Distribution of headcount by organisational tenure at the end of the reporting period.
End of period headcount [Tenure] / End of period headcount * 100
Organisation Tenure Staffing Breakdown indicates the percentages of the workforce falling within various tenure groupings. Graphically, the data are presented as a percentage of the total workforce, i.e. a stacked bar graph.
High levels of tenure tend to mean that many employees have a significant experience and significant knowledge of organisational processes and history. Such employees are likely to be considered highly valuable and can help sustain organisational culture. However, very high tenure among the workforce can also lead to stagnation of culture and innovation.
Low levels of tenure may be driven by high turnover levels (i.e. new employees have been hired to fill vacancies) or fast growth (i.e. new additions to the workforce bring down the overall average).
Low tenure may or may not carry with it low levels of work experience, but low tenure will carry with it limited organisational context and limited knowledge of processes and history.
Employers are likely to monitor tenure levels to track the impact of turnover and growth or contraction strategies on organisational knowledge and culture. Tenure levels are also likely to inform workforce strategies.
For example, development needs of a low-tenured workforce may centre on onboarding and process knowledge, while those of a high tenured workforce are more likely to revolve around career development, leadership development or continuing technical education.
Other metrics are available to measure the tenure of the workforce, including Average Workforce Tenure and Staffing Rate – < 1 Year. Organisation Tenure Staffing Breakdown, while more complex than the others, provides the most detailed view of tenure across the organisation by indicating the relative percentage of all tenure groups in the workforce.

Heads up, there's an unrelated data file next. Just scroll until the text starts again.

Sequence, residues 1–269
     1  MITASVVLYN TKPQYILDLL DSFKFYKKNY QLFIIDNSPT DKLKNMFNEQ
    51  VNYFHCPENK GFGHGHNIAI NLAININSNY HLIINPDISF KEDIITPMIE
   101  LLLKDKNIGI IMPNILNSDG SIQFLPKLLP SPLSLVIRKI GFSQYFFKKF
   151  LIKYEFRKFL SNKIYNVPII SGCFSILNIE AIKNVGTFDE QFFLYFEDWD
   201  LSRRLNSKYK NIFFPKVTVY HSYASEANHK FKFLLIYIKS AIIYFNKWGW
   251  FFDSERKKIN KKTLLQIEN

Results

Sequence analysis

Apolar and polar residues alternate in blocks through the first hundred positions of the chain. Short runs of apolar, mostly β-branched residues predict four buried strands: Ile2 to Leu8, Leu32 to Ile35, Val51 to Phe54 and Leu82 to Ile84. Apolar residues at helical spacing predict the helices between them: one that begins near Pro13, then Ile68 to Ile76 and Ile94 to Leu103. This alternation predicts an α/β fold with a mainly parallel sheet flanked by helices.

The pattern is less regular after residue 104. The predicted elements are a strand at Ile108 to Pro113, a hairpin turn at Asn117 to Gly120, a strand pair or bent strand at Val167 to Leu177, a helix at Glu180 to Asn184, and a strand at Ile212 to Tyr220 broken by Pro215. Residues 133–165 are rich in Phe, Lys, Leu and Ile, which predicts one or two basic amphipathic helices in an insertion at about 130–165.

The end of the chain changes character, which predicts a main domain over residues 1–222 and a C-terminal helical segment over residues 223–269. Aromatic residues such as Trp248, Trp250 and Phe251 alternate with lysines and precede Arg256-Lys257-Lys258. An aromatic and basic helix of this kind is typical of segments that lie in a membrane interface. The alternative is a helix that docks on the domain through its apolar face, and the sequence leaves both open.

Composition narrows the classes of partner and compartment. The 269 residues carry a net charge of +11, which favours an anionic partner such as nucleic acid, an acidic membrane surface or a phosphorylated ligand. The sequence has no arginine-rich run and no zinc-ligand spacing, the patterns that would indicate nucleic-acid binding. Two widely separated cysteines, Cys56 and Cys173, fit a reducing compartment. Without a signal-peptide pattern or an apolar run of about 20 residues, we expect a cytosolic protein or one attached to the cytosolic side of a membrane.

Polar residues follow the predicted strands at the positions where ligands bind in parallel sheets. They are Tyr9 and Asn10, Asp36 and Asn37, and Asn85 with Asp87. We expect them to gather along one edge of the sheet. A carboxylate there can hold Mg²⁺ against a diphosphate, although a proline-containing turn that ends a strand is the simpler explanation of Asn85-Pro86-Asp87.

Tenure may be calculated using a hire date, though most organisations calculate tenure using an adjusted hire date that may include tenure from previous periods of employment with the organisation.
Employers commonly analyse tenure within key skill areas, occupations, job functions and managerial groups to understand the experience levels within the jobs that are likely to have the greatest impact on organisational performance.
For diversity monitoring, organisations may also wish to analyse tenure by gender and ethnic background.
Organisation Tenure Staffing Breakdown does not indicate the tenure profile of those leaving the organisation; it indicates only the resulting tenure composition of the workforce.
While tenure is a measure of experience within the organisation, it is not a direct indicator of general work experience, skill levels or functional knowledge. This measure also indicates only tenure with the organisation, not the tenure of employees within their current positions, tenure as managers, etc.
As this measure is a breakdown measure, organisations would need to set targets for the individual components of the breakdown.
Employers are most likely to set targets for a percentage of very low-tenured employees (e.g. less than one year of tenure) or for larger groups of tenure bands (e.g. more than three years of tenure, more than five years of tenure).
Targets for these percentages, whether relative or absolute, typically aim to strike a balance between retention of knowledge and skills and injection of new ideas from external sources.